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Headwinds for new wind project  

Credit:  Dave Lerner | The Cheyenne Post | Sep 1, 2020 | www.thecheyennepost.com ~~

A new wind project proposed for Albany County near Veduawoo has run into strong headwinds from local residents. Houston-based ConnectGen wants to put wind turbines on 26,000 acres of private and state land stretching from near the Ames Monument and Vedauwoo to an area west and south of Tie Siding.

The company says the project will generate 504 megawatts of wind power. Amanda MacDonald, ConnectGen’s project manager, said the exact number of wind turbines has not been determined.

“We haven’t selected the turbine type that we’ll use yet. Looking at all of the models we’re considering, they are between 500 feet, which is the same size as the turbines that just went up at the Roundhouse project, or potentially as tall as 675 feet,” she said.

The larger turbines generate 6 MW each. Depending on the size chosen, the company will install between 84 and 151 turbines. The taller turbines generate more electricity, so fewer will be needed.

The numbers and size of the turbines upset Paul Montoya. Montoya and his wife Lynn own the Vista de Luna Bed and Breakfast near the Ames Monument. Montoya created a website, www.ProtectAmesMonument.org, and has been rallying neighbors to fight the project.

Montoya said 54 people attended a protest in front of the Albany County Courthouse in July. He is also pushing a petition through the website, calling on the Albany County Commissioners to review the regulations concerning wind energy, especially how they relate to setbacks.

Setbacks determine the distance between a project and property lines, residences, roads, and other locations. MacDonald says the current regulations require wind turbines to be built at least 5.5 times their height away from residences, measured from the tip of the blade to the ground.

Montoya said that’s not enough. “The regulations that were put in place by Albany County are well over 10 years old and really haven’t kept up with the current technologies in wind energy. What we’re really asking is that the regulations be looked at from a number of standpoints, but one of the primary ones are setbacks, not only from property lines rather than the residence but also setbacks from national historic monuments, and from national parks and state parks,” Montoya added.

ConnectGen’s Amanda MacDonald disagrees. “The setbacks used in Albany County are more or less identical to those used in Carbon County, Laramie County and are very much the norm for setbacks,” she said.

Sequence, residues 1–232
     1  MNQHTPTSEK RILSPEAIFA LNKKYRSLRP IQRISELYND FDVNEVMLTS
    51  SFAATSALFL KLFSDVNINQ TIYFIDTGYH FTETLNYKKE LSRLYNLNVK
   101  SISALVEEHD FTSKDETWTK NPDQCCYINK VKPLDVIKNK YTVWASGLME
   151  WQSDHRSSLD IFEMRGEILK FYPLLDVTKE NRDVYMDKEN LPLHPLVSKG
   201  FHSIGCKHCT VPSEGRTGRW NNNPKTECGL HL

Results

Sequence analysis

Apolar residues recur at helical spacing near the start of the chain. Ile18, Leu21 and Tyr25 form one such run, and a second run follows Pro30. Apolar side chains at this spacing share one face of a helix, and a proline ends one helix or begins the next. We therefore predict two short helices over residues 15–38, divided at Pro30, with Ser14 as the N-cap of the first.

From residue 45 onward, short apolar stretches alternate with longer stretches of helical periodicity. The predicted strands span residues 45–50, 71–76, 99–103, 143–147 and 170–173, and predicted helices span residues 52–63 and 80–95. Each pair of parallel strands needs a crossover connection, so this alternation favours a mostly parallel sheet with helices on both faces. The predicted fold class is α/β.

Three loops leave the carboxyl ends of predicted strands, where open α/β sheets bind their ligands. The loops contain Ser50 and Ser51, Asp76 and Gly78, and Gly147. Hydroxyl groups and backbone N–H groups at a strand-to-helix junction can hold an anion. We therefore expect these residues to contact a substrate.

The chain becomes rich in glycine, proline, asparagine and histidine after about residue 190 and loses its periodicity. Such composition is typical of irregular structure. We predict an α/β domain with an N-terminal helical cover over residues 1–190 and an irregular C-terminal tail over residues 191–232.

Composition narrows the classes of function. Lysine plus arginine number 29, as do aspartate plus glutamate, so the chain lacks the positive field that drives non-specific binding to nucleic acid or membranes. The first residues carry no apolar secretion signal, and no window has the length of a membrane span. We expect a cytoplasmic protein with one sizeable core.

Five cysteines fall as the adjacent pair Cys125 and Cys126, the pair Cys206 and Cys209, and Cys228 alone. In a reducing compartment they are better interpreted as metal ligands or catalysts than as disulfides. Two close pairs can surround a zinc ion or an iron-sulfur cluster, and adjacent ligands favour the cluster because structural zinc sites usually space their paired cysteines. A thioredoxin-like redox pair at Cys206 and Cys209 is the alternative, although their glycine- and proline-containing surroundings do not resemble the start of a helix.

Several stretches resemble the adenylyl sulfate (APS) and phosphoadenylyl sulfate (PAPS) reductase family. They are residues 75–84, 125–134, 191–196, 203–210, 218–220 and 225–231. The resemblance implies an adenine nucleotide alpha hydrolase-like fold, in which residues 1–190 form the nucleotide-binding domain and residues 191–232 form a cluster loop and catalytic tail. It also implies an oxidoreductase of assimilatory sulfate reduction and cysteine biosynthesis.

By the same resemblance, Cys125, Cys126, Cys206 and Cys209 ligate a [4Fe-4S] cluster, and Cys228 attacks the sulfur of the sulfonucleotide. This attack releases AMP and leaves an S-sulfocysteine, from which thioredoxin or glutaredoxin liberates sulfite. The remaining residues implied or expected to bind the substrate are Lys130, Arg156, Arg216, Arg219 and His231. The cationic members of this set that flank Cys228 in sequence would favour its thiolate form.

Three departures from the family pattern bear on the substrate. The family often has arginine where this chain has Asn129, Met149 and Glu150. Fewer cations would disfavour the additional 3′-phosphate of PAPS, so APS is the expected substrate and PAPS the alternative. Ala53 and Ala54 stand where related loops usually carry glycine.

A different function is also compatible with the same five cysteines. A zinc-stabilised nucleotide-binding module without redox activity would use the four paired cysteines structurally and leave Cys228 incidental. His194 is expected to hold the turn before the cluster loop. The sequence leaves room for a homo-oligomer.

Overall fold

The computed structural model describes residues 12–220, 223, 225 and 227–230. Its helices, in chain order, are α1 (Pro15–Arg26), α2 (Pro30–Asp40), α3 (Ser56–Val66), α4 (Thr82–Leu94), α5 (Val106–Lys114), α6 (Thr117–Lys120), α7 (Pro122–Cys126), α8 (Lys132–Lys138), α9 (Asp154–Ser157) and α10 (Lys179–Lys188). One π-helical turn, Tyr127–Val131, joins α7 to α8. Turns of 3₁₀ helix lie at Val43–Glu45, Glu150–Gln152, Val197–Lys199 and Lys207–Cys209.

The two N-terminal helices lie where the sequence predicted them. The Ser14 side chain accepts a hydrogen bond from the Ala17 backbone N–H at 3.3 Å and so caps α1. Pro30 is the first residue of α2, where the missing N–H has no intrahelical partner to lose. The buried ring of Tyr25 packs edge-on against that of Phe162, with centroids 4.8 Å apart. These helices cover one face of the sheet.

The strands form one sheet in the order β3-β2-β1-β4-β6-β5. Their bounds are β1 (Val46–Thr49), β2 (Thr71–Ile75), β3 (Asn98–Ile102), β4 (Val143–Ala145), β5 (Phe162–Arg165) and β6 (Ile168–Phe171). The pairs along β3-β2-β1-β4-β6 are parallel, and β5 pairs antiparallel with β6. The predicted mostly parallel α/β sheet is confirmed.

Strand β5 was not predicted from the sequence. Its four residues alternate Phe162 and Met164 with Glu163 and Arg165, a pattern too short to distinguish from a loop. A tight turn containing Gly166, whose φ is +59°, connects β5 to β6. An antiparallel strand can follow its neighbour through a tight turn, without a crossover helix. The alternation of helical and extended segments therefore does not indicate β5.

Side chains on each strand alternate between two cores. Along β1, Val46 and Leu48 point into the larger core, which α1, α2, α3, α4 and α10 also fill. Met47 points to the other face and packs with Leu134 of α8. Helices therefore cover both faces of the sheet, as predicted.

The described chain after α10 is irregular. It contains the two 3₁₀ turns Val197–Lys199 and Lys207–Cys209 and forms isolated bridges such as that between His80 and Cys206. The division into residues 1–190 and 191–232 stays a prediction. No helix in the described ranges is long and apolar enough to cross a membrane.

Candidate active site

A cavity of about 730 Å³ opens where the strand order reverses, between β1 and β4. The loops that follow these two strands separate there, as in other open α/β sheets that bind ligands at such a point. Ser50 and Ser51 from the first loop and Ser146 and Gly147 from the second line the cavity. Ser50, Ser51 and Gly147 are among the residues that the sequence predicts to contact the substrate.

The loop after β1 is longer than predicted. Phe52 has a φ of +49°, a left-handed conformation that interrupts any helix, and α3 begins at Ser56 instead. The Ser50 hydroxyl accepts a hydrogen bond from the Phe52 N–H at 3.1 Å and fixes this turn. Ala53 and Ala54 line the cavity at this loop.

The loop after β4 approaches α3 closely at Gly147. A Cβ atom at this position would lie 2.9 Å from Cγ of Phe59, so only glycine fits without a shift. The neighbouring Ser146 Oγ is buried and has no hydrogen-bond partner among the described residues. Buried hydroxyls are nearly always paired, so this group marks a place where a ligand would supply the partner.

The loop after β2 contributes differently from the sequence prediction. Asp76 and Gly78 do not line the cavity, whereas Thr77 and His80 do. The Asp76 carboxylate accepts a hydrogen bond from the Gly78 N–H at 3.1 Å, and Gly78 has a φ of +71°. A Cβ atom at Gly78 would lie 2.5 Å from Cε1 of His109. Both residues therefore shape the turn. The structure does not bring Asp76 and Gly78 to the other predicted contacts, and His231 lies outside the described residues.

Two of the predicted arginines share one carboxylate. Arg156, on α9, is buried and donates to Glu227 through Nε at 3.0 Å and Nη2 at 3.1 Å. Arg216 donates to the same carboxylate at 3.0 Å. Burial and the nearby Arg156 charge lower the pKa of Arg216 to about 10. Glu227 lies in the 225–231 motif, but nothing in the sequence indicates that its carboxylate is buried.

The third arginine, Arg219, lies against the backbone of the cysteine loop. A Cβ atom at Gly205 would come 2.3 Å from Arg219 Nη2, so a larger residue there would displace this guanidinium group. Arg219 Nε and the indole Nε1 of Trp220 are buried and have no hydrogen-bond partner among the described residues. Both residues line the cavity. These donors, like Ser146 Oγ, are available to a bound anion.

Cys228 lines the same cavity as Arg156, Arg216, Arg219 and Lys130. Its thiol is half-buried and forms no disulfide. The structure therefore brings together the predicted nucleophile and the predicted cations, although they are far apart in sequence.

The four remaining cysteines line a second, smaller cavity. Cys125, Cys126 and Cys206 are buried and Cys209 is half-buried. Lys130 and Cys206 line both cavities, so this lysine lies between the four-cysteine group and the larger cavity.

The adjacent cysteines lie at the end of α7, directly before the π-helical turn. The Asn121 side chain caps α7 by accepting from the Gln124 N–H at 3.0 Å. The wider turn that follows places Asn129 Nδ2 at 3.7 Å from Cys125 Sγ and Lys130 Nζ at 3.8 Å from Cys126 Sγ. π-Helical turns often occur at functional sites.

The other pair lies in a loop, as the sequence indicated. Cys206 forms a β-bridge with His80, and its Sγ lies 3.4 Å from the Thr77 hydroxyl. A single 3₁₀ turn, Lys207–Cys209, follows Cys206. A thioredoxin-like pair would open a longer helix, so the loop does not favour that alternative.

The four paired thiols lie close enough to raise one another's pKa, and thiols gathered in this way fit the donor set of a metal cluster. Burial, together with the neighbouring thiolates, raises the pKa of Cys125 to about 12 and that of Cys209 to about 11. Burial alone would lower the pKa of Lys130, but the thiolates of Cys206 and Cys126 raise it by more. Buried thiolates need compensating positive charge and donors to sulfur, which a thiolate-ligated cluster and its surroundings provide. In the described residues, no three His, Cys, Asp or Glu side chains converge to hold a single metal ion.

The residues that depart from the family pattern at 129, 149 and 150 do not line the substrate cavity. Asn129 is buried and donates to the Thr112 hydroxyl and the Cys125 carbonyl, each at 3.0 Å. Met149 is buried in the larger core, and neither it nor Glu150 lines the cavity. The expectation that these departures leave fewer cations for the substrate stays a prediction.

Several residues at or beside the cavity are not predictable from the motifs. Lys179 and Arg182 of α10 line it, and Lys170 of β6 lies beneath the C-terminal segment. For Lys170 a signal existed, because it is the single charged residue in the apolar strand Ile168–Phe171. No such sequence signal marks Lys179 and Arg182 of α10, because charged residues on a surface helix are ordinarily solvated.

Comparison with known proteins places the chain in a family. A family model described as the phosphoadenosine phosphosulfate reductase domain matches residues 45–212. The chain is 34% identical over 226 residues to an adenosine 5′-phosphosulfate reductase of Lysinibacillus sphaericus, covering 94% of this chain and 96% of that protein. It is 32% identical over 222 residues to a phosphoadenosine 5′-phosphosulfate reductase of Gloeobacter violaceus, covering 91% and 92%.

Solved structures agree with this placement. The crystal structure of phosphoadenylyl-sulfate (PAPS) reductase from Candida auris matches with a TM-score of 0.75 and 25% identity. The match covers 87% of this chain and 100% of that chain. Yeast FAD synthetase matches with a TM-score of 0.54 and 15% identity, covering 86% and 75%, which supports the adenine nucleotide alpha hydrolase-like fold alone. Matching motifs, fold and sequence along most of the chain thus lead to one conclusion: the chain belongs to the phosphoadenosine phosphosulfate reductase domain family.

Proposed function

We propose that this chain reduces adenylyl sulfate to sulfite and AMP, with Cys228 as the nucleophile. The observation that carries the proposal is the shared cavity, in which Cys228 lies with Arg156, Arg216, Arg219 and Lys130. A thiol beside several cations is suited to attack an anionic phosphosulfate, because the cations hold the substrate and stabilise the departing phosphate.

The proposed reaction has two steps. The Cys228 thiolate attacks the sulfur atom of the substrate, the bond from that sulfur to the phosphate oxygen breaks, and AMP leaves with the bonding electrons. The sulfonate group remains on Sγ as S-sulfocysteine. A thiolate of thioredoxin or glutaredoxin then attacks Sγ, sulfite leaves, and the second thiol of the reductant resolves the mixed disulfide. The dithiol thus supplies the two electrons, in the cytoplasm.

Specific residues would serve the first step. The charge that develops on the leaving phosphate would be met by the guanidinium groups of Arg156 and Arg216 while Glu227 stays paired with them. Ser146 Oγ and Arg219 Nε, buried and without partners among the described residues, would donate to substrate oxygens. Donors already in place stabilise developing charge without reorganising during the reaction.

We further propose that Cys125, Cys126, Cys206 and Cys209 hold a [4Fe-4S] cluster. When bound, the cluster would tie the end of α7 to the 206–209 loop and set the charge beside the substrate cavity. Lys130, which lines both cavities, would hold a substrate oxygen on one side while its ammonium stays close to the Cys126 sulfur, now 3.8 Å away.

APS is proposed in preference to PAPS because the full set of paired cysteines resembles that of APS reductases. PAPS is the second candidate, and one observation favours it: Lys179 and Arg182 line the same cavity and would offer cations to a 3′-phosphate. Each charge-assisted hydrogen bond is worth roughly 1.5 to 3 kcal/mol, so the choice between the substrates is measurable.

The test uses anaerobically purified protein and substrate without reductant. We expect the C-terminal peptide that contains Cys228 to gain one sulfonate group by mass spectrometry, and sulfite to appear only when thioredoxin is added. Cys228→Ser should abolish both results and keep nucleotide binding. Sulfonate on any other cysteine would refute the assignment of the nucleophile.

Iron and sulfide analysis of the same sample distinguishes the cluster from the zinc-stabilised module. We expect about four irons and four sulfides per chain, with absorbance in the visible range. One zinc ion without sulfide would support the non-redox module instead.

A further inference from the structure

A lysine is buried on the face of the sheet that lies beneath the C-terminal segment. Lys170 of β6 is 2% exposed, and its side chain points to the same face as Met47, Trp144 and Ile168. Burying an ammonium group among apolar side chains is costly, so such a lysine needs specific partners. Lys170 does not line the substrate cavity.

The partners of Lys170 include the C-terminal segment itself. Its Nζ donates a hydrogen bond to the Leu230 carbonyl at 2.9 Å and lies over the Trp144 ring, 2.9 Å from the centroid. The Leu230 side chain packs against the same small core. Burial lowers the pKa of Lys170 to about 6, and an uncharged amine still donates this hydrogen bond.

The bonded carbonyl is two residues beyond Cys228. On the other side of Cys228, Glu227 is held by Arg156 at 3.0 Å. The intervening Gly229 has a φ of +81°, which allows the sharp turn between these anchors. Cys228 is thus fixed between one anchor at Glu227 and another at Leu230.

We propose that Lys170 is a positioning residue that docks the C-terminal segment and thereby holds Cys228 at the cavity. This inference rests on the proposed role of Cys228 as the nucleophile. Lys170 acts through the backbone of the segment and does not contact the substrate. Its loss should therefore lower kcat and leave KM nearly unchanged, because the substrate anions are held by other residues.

She added that the real goal was to stop the project completely. “The specific setbacks that have been put forth by this group of landowners that Mr. Montoya is a part of would effectively put setbacks over the entire project area. We would not be able to install a single turbine anywhere within the 26,000 acres project area,” MacDonald said.

ConnectGen’s website points to a significant economic impact. The company will spend more than $500 million building the project. 113 construction jobs will be created with $35.8 million in one-time earnings. Once the project is completed, it will have 23 long-term jobs with $1.6 million in annual earnings.

“Absolutely it’s a good project for Albany County,” said Albany County Commissioner Terri Jones. “As a commissioner, I’m most interested in what our bottom line is, the physical bottom line,” she added.

As of last week, Montoya had gathered 468 signatures on his petition calling for the Albany County Commissioners to review and amend the existing wind regulations, and he plans to call a press conference the day before the next Albany County Commissioner meeting.

The Albany County Planning and Building Department is looking into the current regulations, and will have a recommendation for the commissioners at their meeting on September 15.

Source:  Dave Lerner | The Cheyenne Post | Sep 1, 2020 | www.thecheyennepost.com

This article is the work of the source indicated. Any opinions expressed in it are not necessarily those of National Wind Watch.

The copyright of this article resides with the author or publisher indicated. As part of its noncommercial effort to present the environmental, social, scientific, and economic issues of large-scale wind power development to a global audience seeking such information, National Wind Watch endeavors to observe “fair use” as provided for in section 107 of U.S. Copyright Law and similar “fair dealing” provisions of the copyright laws of other nations. Send requests to excerpt, general inquiries, and comments via e-mail.

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